Date of Graduation
Master of Science in Electrical Engineering (MSEE)
H. Alan Mantooth
Second Committee Member
J. Ambrose Wolf
Ceramic, LTCC, manufacturing, Shrinkage Field Mapping
Low temperature co-fired ceramic (LTCC) has many benefits when it comes to electronic packaging due to the low dielectric loss, reliability in extreme environments, and high breakdown voltage. Though the ceramic has a lot of benefits it is not widely used due to the high cost and complexities associated with manufacturing. One of these issues with manufacturing is compensating for the shrinkage of the ceramic, this is accomplished by using an expansion factor, creating the “green” or manufactured design. This expansion factor is approximated through knowledge of the ceramic factors such as the metal loading, layers of ceramic tape, firing profile, lamination pressures, etc. While this expansion factor method has been studied and equations have been derived for compensation for the shrinkage, there is little evidence that the equations correctly compensate for the complexities of the design. Due to the lack of understanding of how different design parameters play a role in the shrinkage of the panel, this thesis will look to address the fundamental issue of measuring the shrinkage effects due to metal loading using a shrinkage characterization method called shrinkage field mapping. Due to the increased measurements needed for shrinkage field mapping, image processing is used to extract dimensions without dramatically increasing measurement time for the High-Density Electronics Center LTCC process. With the change in the shrinkage measurements, a 0.07-0.25% characteristic shrinkage difference can be measured from changing the volume of metal inside by 1.22mm3 in a DuPont 9k7 50mm x 50mm panel. These measurements were confirmed by three different fabrication experiments.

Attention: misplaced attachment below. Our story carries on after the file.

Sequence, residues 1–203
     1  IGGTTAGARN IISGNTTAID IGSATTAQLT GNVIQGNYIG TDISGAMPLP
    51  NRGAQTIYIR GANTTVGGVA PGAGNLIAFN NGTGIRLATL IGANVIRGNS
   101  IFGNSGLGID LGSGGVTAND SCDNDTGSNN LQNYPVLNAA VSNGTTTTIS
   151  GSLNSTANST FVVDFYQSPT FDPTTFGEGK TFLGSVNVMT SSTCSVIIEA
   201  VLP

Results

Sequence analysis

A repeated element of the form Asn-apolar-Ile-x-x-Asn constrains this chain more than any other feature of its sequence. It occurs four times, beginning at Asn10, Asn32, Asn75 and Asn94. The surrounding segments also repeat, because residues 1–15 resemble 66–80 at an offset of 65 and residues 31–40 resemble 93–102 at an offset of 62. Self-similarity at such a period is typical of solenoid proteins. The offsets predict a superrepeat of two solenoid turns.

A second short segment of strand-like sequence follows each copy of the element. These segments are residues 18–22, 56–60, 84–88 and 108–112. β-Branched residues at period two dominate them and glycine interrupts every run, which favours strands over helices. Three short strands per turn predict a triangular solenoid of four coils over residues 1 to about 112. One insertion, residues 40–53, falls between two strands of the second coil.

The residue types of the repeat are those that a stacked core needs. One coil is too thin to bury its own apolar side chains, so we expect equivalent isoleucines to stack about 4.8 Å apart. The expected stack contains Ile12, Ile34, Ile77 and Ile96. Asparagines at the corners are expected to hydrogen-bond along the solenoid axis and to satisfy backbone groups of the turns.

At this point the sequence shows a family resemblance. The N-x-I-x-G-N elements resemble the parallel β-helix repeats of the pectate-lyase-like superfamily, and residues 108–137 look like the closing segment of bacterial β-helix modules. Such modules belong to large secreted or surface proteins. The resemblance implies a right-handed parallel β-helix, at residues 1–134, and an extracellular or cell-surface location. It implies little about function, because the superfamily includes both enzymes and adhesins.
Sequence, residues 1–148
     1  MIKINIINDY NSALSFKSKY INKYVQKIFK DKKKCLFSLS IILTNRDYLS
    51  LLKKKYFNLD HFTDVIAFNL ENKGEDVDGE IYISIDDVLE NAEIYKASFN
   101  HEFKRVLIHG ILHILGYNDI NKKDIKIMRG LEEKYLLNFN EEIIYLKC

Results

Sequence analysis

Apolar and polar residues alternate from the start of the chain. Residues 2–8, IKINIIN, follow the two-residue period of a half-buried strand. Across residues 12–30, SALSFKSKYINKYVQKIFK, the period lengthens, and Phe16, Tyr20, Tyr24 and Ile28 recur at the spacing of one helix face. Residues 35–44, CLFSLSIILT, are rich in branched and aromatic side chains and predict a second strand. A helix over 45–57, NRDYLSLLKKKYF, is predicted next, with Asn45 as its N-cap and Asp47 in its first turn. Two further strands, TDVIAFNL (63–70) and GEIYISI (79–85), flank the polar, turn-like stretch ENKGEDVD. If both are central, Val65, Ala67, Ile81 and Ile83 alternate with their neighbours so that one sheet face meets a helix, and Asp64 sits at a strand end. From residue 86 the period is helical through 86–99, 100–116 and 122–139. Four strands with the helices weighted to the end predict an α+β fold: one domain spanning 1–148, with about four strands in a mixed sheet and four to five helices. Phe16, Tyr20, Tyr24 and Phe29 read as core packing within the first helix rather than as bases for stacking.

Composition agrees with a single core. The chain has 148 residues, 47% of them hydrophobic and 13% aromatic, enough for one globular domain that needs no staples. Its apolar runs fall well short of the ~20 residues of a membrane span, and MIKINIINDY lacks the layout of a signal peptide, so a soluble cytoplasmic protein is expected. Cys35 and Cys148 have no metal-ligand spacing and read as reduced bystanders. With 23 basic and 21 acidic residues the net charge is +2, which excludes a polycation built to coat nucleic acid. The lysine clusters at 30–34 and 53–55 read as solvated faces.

Zumbro, J. E. (2018). Measuring Characteristic Shrinkage Variability Due to Metal Loading Effects in Low Temperature Co-Fired Ceramic Using Image Processing. Graduate Theses and Dissertations Retrieved from https://scholarworks.uark.edu/etd/3110